Enter s3 into the Find Services field. Select s3.

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You’ll see a dashboard that looks something like this:

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Click the Create bucket button.

Give the bucket a name. Note that bucket names must be unique across all bucket names so you may have to get creative.

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If you’re in NYC like I am you’re going to want to pick US East (Virginia) I promise that is much closer than Ohio, which is the other tempting server location. You can check out more about the AWS global infrastructure and find the closest server to you here.

Hit next to continue. You can decide if you want to add any of the options you see but it’s fine to just click next again.

The Public Access on the next page is set to blocked. This is something you can change later. If you’re just testing things out with your app you can uncheck.

Then create the bucket! You should see your bucket name on the dashboard now.

Okay, the next step is to create an IAM user. Click on the Services dropdown near the top of your screen. Type in IAM into the search bar and select IAM — manage access to AWS resources. You’ll be brought to a new dashboard. On the left-side menu select Users. Then click the Add user button.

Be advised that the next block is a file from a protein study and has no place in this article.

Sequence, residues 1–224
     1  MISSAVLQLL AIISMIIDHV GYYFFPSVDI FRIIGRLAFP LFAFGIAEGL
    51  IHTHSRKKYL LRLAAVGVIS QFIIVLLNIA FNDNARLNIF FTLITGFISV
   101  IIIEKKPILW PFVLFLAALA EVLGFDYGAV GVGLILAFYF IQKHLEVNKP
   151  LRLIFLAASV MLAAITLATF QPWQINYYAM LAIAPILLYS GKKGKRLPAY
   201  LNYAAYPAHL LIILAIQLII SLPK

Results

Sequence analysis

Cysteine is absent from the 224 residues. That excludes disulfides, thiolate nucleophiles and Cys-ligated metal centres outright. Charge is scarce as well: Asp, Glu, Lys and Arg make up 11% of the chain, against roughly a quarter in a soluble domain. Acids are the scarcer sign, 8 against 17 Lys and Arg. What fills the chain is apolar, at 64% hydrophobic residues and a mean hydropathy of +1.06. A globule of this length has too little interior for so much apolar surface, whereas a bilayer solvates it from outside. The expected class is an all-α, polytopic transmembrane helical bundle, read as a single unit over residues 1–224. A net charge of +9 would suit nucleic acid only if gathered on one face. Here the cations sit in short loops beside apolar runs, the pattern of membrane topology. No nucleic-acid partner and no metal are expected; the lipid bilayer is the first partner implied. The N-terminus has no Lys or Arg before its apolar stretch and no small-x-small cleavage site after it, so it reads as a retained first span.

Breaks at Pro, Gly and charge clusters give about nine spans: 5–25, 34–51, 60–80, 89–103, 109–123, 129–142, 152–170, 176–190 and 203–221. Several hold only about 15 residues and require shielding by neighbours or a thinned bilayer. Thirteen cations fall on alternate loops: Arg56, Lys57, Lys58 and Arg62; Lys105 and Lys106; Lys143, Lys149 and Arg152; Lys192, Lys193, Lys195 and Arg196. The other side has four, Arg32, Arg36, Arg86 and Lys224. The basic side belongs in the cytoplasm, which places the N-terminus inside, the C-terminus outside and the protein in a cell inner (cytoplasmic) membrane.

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Set a name for the user and give it programmatic access

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Click next then select the Attach existing policies directly. Now let me save you hours of confusing research and tell you that IAMFullAccess will work well. Just search for that and select it and hit next and next again then Create user.

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This is a VERY IMPORTANT page! DO NOT lose the access key numbers. (also don’t post them online unless you plan on deleting them right away)

Download the .csv and keep it somewhere safe where you can access it. You’ll need these to complete the very first step of this tutorial.

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Phew, done with that!! Now back to our Rails app. Now we don’t want to put these secret access keys anywhere that would be loaded up to Github.